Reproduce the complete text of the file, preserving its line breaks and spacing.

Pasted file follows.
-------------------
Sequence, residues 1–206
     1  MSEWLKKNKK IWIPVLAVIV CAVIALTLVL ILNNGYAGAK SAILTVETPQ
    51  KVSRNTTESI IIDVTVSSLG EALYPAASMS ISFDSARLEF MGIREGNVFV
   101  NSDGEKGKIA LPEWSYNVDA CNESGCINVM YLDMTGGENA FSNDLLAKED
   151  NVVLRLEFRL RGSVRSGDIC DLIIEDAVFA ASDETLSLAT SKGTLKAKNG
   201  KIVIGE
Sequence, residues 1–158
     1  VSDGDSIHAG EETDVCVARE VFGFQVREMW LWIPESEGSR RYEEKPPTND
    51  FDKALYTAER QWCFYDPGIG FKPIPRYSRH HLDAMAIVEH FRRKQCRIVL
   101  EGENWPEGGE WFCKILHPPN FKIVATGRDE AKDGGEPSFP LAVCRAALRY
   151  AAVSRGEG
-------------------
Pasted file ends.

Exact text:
Sequence, residues 1–206
     1  MSEWLKKNKK IWIPVLAVIV CAVIALTLVL ILNNGYAGAK SAILTVETPQ
    51  KVSRNTTESI IIDVTVSSLG EALYPAASMS ISFDSARLEF MGIREGNVFV
   101  NSDGEKGKIA LPEWSYNVDA CNESGCINVM YLDMTGGENA FSNDLLAKED
   151  NVVLRLEFRL RGSVRSGDIC DLIIEDAVFA ASDETLSLAT SKGTLKAKNG
   201  KIVIGE
Sequence, residues 1–158
     1  VSDGDSIHAG EETDVCVARE VFGFQVREMW LWIPESEGSR RYEEKPPTND
    51  FDKALYTAER QWCFYDPGIG FKPIPRYSRH HLDAMAIVEH FRRKQCRIVL
   101  EGENWPEGGE WFCKILHPPN FKIVATGRDE AKDGGEPSFP LAVCRAALRY
   151  AAVSRGEG